Your doctor may order additional blood tests to look for
hormonal or other medical problems that could be causing your weight gain.
of Morbid Obesity
Obesity is a health concern.
Without proper treatment, obesity can lead to other serious health
problems, such as:
- heart disease and blood lipid abnormalities
- type 2 diabetes
- sleep apnea (when you periodically stop
breathing during sleep)
- reproductive problems
- certain cancers
- obesity hypoventilation syndrome
- metabolic syndrome
There are several different treatment options for morbid
Diet and Exercise
There is no data on the most effective way to induce long-term
weight loss, but a healthy diet and regular exercise are the keys to overall
It is also important to learn stress management tools that
can be used in place of overeating or snacking during stressful times.
You should work with your doctor and a dietitian to set
realistic goals that will help you lose weight slowly through diet and
exercise. It may be helpful to find support from friends, family, or your
community in order to make lifestyle changes that will lead to long-term weight
Weight Loss Drugs
In some cases weight loss drugs may be prescribed. These
medications may cause weight loss, but most
people regain the weight once they stop taking the medication. There are many
herbal and over-the-counter supplements that claim to help you lose weight, but
many of these claims have not been verified.
Surgery may also be an option to treat obesity if you have
tried other methods for losing weight but have not been successful in
maintaining long-term weight loss. It can often help reduce the risk of other
diseases (e.g., diabetes, heart disease, and sleep apnea) that are associated
with severe obesity.
Surgery may cause complications, and you should talk with
your doctor to determine if this is an option for you. There are two common
types of weight-loss surgeries:
In this procedure, the surgeon will place a band around the
upper part of your stomach. This limits the amount of food you can eat at one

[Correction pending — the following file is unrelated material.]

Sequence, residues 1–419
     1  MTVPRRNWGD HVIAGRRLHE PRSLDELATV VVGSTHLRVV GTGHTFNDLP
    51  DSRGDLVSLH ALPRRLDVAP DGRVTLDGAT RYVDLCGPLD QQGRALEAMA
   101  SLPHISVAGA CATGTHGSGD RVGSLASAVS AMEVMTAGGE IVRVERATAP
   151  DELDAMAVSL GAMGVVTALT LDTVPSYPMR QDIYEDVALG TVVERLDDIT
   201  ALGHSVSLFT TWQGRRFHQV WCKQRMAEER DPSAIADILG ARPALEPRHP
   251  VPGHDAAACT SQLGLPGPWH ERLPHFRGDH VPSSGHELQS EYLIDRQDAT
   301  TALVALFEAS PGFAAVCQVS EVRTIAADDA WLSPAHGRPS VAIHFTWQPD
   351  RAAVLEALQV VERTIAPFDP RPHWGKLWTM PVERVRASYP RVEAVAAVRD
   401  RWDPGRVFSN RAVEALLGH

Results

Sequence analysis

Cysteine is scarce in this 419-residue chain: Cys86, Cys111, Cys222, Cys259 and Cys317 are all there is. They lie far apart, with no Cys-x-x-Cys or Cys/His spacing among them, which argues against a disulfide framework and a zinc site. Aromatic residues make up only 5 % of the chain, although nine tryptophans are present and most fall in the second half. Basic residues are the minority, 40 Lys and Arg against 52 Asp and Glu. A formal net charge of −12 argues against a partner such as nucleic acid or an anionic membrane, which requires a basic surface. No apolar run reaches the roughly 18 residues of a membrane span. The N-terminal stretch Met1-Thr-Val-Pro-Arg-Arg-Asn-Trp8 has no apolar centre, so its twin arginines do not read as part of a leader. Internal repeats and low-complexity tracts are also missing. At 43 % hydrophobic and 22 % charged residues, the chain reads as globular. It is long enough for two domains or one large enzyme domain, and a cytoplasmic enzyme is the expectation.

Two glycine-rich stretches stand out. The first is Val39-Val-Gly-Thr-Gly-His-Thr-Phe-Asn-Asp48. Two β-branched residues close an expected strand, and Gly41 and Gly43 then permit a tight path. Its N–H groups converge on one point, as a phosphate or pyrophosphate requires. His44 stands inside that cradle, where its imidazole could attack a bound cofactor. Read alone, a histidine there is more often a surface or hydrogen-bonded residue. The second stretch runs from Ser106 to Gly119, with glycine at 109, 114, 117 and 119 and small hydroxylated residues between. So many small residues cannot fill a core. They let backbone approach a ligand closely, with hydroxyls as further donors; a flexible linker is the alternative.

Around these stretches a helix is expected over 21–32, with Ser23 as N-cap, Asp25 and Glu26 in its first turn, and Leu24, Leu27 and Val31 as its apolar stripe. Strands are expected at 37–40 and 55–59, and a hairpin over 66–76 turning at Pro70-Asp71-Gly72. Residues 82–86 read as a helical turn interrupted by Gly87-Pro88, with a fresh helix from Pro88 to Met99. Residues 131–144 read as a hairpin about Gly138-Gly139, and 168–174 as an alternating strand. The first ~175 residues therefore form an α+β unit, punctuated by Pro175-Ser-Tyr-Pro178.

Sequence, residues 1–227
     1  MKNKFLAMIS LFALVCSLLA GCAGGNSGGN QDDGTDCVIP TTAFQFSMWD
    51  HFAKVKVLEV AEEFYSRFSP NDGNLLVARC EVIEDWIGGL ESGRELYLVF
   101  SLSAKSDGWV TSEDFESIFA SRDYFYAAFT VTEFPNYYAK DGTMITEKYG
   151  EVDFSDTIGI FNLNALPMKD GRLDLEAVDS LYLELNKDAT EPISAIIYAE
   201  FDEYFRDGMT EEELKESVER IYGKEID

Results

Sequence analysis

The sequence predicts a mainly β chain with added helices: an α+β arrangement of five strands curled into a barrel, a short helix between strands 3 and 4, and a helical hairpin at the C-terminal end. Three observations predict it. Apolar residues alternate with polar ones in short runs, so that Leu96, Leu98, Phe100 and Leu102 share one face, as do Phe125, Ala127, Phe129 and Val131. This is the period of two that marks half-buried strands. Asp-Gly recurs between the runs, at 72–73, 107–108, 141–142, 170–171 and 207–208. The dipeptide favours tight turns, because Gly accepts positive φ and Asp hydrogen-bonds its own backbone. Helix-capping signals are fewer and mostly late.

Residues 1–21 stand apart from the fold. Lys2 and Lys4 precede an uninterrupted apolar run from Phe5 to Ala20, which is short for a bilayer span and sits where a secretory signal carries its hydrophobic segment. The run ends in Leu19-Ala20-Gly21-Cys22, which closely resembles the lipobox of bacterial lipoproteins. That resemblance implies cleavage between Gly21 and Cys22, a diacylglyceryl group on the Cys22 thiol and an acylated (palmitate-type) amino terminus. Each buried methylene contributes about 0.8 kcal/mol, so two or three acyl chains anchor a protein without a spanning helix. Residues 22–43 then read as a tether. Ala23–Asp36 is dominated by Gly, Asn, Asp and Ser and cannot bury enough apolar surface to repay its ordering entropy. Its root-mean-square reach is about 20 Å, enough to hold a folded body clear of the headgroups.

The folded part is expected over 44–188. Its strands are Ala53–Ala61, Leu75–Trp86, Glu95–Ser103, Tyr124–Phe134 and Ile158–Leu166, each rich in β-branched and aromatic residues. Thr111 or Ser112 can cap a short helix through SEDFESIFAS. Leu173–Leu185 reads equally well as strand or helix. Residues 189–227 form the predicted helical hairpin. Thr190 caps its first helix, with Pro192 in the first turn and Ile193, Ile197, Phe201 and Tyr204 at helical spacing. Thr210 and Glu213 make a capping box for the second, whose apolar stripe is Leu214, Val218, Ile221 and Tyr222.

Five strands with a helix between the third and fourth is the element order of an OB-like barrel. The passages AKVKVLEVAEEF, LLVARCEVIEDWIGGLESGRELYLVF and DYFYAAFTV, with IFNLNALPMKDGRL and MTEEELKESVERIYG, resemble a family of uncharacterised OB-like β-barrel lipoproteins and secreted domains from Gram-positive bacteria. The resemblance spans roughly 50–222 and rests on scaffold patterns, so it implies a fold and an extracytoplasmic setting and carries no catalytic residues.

time by making you feel full after eating small amounts of food.
Gastric Bypass Surgery
This surgery will change how the food you eat travels
through your digestive tract by bypassing a portion of your stomach and small
bowel. It will make you feel full when you’ve eaten less food.
Obesity and morbid obesity are serious and potentially
life-threatening conditions. A healthy lifestyle that includes a healthy diet
and regular exercise are important for preventing obesity.
Diet and Exercise
People who are morbidly obese should avoid “fad” diets and focus
instead on changing eating behaviors. Recommendations include:
- adding more fruits and vegetables to your diet
- eating smaller meals
- count calories
- eating mindfully
- limiting saturated fats, trans fats, and refined
Physical activity is good for overall health and is
especially important if you’re trying to lose weight. To begin losing weight,
you will need to do moderate to vigorous exercise for more than three hours per
week. Vigorous activity raises your heart rate significantly. Be sure to check
with your doctor before you begin any vigorous exercise programs. Examples of
beneficial physical activity include:
- running or jogging
- jumping rope
- brisk walking
Moderate exercise can also include everyday activities like
shoveling snow or yard work.